Check valves protect Florida freshwater ecosystems
Marsh Landing, a residential community in northeast Florida, relies on Wapro check valves to prevent the Intracoastal Waterway’s brackish water from flooding and damaging freshwater ecosystems within stormwater retention ponds.
Marsh Landing, an elegant residential community in Ponte Vedra Beach, Florida, United States, uniquely integrates natural beauty and luxurious housing through careful land planning. Concern for nature and the environment has always been foremost in the community design of more than 1,000 single-family homes.
Building and infrastructure in coastal areas with natural elevations that range a mere 1 to 2 meters above sea level, however, possess challenges for stormwater management systems using ponds and wetlands; Marsh Landing
is no exception.
Major infrastructure improve- ments have been made over the past few years, and new projects for continuous improvement are being carried out, including a substantial investment to refurbish drainage and pump systems. These projects are being implemented to ensure that the ponds retain their useful- ness as stormwater retention structures and also as wetland breeding grounds.
Genesis Group, a US-based civil engineering, landscape architecture, and urban design consultancy, hired the US contractor CS3 to install approximately 100 WaStop inline check valves in order to protect these ponds and wetlands from brackish floodwaters.
Successfully maintaining a natural environment that contains wetlands and ponds woven into an active, vibrant community requires careful consideration. Nearly 100 inter- connected retention ponds drain into the Intracoastal Waterway and tidal tributaries. These ponds function as an integrated system to protect the community from stormwater flooding and limit the rate of drainage discharge, further protecting downstream property and watershed quality.
Salinity levels must be controlled to ensure that the ponds function as intended. Only a small increase in water salinity can cause a significant loss of biodiversity and alter the ways that the ecosystem functions. At high tide, the Intracoastal Waterway can fill these ponds with brackish water and reduce their intended design storage capacity, thus increasing the chance of community flood damage.
Additionally, salt water harms freshwater ecosystems surrounding these ponds and further shortens the life of reinforced concrete culverts and control structures. Salt water contains magnesium chloride, sulfate ions, and hydrogen carbonation ions that will essentially attack concrete to a certain degree, but what really starts to corrode in a concrete structure is its inner steel sub- structure. Because concrete is a type of porous material, oxygen and humidity can be present where the salt water comes into contact with the film that surrounds the reinforcing steel inside the concrete, initiating the corrosion process of the steel.
In their juvenile stages, fish are least tolerant to salinity, which potentially inhibits the reproduction of existing populations, and salt-averse species may be replaced by salt-tolerant species such as the three- and ten-spined stickleback in highly saline lakes. Macrophyte diversity may also decrease due to difficulties in plant germination, along with the success of a small number of salt-tolerant species.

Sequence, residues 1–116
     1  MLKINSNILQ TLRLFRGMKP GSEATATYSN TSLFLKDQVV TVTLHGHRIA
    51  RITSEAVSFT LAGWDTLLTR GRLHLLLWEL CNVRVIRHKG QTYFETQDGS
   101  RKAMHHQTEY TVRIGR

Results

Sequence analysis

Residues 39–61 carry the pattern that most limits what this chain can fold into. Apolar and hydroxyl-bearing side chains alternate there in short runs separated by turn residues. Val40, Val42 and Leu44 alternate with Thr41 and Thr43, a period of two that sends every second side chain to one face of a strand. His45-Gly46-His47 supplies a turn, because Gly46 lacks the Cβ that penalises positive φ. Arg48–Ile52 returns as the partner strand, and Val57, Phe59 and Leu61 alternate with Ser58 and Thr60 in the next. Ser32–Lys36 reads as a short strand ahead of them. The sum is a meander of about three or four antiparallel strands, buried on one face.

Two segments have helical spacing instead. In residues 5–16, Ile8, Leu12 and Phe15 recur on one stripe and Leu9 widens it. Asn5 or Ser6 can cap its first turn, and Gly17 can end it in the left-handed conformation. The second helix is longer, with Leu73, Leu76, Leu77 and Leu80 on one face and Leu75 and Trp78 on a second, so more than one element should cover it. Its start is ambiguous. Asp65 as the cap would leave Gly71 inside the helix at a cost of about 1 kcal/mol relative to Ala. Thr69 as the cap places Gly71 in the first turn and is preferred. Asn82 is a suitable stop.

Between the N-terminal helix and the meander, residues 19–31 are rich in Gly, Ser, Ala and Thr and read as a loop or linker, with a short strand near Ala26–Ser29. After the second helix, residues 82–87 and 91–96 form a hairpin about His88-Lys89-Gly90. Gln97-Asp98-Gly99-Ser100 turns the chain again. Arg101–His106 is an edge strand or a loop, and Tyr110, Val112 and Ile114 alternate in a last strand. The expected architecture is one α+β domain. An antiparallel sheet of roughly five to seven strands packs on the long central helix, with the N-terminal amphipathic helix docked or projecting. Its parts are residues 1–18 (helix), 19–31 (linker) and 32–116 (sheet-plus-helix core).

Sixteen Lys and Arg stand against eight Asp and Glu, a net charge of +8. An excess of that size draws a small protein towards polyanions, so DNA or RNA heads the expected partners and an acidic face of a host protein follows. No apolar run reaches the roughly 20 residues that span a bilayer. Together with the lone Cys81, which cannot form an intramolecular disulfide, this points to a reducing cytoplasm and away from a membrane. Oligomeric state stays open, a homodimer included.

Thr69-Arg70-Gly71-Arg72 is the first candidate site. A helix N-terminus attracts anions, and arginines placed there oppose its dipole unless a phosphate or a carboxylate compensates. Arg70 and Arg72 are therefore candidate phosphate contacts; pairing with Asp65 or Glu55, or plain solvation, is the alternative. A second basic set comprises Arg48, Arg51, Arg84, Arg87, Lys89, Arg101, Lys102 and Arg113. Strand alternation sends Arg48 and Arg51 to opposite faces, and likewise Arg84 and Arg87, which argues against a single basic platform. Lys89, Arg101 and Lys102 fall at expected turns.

Structures including outfall culverts, control works, pump discharge lines, and sluice gate controls have been put in place to control the outlet of the ponds to maintain water quality. Together, these structures maintain the freshwater ecosystems by preventing tidal inflow. WaStop inline check valves have been implemented within many of these structures as a backflow prevention device to ensure that flow can exit the ponds to maintain water levels. Additionally, the inline check valves prevent salt water from entering the ponds to ensure that salinity levels are also maintained.
Many of the WaStop installations in Marsh Landing are being retrofitted into existing structures. The WaStop inline check valve can be fitted horizontally or vertically and at either an inlet or an outlet of a structure; the valves are customized for easy installation without the need to rebuild the structures.
WaStop inline check valves are market leaders in low head loss, which means that the ponds can quickly drain water out to the canals during periods of high rainfall. This feature ensures that there is no upstream flooding, which in turn protects the surrounding residential properties, gardens, golf course, and other properties.
The valve works on differential pressure; it is completely closed and vapor-tight in its natural state. Flow in the right direction causes a pressure build-up against the membrane, which opens just enough to allow the liquid to flow unhindered. If the flow is reversed, the membrane fills with water or gas and acts as a stopper, blocking all backflow. When 100 percent closed, the valve stops all flow, thereby ensuring no area for growth of shellfish, which normally thrive in the transitional zone between salt water, brackish water, and fresh water. Consequently, the valves significantly lower maintenance costs and improve the system’s reliability.
Find out more at www.wapro.com